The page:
From the highest mountains in the world to amazing trekking trails, mountaineers, trekkers, and adventurers seek out the Himalayas every year during climbing season. Nepal also offers some of the best white water adventures – rafting and kayaking on thrilling waters and gentle rapids.

Wild Encounters

Explore the lush jungles of the national parks in Chitwan, Bardia and Rara on elephant backs or jeep safaris to spot rhinos grazing in the wild, crocodiles along swampy rivers, and tigers on the prowl.

Somewhere in the Himalayas of Nepal

Food Expeditions

Eating can be a joyful experience in Nepal. From multi-cuisine and specialty restaurants and bars about town to home-cooked meals from traditional kitchens, there’s a huge variety of street food to choose from too.

Journey Within

Nepal can be a journey of true self-discovery. The smell of incense, prayer flags in the wind, the chime of distant bells, butter lamps, the rotation of prayer wheels and mystical chants permeate centres of spiritual learning, monasteries, and temples. The birthplace of Buddha and the abode of Shiva, Nepal is a divine experience. Meditation, yoga, a temple stay or a spiritual sojourn, it draws believers and free thinkers alike.

A suspension bridge in Nepal

Crafts and Creations

Exquisite handicrafts flourish in Nepal. From handmade lokta paper to woven Dhaka shawls and pashmina, from artistic silver and metalware to stone carvings, woodworks, and paintings, there is something magical in the handcrafted products which carry skills that have been passed down generations to retain their authentic traditional roots.

The Nepalese Embassy in Canberra will be set up as a promotional center for the Visit Nepal Year 2020 Campaign.

If you are interested in traveling to Nepal and want to know more, please contact our team or the team through our sister company, Nepal Adventures. If you have a group who would be interested in traveling to Nepal in 2020, the experienced team at Nepal Adventures can help you plan every aspect of your trip.

Nepal Adventures specialise in organising group tours to Nepal from Canberra, Australia

The Nepalese festive season and why it’s celebrated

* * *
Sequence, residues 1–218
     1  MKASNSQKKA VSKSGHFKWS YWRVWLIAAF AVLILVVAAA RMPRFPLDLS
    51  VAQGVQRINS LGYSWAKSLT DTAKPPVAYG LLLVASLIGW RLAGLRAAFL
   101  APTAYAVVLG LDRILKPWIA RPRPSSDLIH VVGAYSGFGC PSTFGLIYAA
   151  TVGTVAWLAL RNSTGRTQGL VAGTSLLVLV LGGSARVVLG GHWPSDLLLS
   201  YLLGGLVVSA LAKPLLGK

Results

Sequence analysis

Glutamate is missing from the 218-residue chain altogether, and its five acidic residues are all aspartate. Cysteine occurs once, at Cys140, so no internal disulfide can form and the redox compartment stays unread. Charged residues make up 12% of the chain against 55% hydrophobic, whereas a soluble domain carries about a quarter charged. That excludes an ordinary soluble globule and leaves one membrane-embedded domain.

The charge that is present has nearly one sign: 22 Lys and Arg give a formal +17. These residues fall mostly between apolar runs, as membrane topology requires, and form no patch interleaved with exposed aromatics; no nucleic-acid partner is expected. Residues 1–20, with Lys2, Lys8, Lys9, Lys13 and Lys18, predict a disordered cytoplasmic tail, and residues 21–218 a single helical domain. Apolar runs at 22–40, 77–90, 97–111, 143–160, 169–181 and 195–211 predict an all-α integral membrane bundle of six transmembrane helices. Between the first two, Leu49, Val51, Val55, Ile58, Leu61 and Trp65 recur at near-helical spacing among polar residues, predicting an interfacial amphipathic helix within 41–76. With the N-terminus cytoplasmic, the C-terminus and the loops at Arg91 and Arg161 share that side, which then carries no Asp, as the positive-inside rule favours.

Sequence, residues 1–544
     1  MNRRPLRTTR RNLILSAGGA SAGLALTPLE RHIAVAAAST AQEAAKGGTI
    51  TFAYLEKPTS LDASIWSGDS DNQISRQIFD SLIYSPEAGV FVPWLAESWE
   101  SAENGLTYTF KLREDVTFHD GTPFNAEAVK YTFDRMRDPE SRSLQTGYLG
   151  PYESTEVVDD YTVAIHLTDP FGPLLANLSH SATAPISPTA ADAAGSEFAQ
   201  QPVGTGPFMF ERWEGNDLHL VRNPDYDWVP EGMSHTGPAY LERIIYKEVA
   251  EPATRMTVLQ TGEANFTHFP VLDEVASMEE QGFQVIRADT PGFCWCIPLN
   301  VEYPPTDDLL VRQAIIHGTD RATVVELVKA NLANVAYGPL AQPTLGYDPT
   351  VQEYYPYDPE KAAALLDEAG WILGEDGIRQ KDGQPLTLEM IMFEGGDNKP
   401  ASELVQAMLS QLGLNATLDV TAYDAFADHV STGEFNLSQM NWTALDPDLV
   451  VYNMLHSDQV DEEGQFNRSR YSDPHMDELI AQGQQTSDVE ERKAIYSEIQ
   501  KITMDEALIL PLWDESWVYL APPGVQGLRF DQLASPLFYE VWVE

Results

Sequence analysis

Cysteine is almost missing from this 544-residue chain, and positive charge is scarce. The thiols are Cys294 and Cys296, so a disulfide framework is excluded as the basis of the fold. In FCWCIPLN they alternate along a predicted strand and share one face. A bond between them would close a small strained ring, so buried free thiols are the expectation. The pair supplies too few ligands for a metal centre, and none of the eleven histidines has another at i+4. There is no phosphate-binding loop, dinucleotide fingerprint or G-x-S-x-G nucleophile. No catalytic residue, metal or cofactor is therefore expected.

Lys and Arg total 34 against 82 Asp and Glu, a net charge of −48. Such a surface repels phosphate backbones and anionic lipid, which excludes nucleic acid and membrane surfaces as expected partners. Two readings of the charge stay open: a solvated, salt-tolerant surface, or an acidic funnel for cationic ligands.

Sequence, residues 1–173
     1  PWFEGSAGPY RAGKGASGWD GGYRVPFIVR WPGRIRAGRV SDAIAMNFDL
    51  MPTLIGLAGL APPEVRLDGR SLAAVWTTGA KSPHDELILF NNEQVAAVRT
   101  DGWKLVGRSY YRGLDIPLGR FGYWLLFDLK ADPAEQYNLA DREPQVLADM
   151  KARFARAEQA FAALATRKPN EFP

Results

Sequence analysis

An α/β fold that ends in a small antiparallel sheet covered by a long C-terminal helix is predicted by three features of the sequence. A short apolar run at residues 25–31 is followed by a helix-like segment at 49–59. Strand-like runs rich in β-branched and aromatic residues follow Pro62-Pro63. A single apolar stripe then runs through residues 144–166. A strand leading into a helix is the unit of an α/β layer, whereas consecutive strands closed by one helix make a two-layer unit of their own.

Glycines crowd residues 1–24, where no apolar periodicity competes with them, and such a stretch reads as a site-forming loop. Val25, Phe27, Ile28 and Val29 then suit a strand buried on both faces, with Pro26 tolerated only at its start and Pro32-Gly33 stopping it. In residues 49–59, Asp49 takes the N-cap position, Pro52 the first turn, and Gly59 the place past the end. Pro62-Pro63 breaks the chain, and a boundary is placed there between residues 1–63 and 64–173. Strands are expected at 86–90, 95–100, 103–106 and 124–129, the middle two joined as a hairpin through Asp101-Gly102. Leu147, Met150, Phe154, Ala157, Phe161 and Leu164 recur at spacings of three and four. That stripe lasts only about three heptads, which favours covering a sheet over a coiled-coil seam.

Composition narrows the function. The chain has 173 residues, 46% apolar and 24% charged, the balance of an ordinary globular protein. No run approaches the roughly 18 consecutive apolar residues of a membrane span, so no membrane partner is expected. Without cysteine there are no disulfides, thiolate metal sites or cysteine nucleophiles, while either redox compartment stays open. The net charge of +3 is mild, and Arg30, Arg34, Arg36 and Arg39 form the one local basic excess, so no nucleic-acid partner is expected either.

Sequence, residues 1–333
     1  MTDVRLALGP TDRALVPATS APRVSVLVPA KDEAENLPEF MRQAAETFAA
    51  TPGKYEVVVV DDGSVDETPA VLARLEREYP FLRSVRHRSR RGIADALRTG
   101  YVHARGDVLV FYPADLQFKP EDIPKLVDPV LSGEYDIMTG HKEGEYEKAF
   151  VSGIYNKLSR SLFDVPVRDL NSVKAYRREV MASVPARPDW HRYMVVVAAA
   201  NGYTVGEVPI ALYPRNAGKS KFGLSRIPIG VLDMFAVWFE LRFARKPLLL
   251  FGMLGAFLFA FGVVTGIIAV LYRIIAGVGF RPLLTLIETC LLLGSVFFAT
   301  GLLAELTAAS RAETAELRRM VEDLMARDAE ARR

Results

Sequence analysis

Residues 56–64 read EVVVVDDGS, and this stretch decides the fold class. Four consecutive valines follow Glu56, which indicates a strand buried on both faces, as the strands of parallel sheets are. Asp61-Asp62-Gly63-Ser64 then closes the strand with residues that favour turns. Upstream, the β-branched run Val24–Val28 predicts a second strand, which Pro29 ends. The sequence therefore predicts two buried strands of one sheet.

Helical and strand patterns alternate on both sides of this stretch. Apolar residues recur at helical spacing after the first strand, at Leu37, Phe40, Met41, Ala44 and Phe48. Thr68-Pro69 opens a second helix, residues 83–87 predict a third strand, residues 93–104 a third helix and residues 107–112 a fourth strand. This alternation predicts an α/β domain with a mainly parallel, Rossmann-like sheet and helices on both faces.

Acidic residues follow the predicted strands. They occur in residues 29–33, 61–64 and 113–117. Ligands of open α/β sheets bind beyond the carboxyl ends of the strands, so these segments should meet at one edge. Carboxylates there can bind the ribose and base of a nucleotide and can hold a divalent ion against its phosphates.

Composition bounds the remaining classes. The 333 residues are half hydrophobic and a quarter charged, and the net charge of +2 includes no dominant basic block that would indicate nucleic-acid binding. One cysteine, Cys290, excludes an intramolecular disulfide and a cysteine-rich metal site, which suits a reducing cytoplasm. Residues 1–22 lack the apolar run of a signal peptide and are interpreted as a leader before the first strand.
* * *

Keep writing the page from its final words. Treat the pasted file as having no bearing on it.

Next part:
Nepalese Festive Season is a merry time in Nepal

Dashain Festival is one of the most important Hindu festivals which is celebrated all over Nepal and among the Nepalese diaspora around the world.

The Dashain Festival

This festival falls around September or October and is actually celebrated for 15 days. Hindu Goddess Durga is worshiped during this festival.

How is it celebrated?

This festival is a ceremony of reunion and fun. People living far away or overseas visit their home and celebrate with their close relatives.

Children are treated with new clothes, gifts from their parents and close relatives.

People enjoy delicious Nepalese food and playing a lot of card games. This is merry times, feast everywhere, kites are flown, and communities build bamboo swings and get involved in various entertaining activities.

10 days of Dashain

The festival starts with a day called ‘Ghatsthapana’. Then the next 9 days are spent worshiping Goddess Durga. The main day is called ‘Dashami’ which is also known as ‘Vijaya Dashami’, the day when Goddess Durga got victory over the demons. On this day the seniors of the family put ‘Tika’ and ‘Jamara’ giving blessings to their younger ones. The youngsters also receive ‘Dakchhina’ which is usually brand new notes of money released by the Central Bank exactly for this purpose.

Dashain not only reunites the families and friends but it also gives the working people time to relax and enjoy with family.

It is the best time to visit Nepal

Generally, the festival means the finish of monsoon and beginning of autumn in Nepal. Weather is favourable and is the best time to visit Nepal for natural and cultural experiences.

The festival is followed by Tihar (Diwali) – the festival of lights

Festival of Lights – Tihar

Tihar is another beautiful and dazzling festival for the Hindus. It is also the second greatest festival for Nepalese, after Dashain – the festival of lights. The cities and the surroundings look clean and light up during the night.

The festival is celebrated for five days worshiping 4 different animals – Crow, Dog, Cow followed by worshipping of Ox/ goddess of wealth ‘Laxmi’. The fifth day is marked by sister praying for their brother’s long life and progress.

The team at the Hungry Buddha wishes all a happy Dashain and Tihar.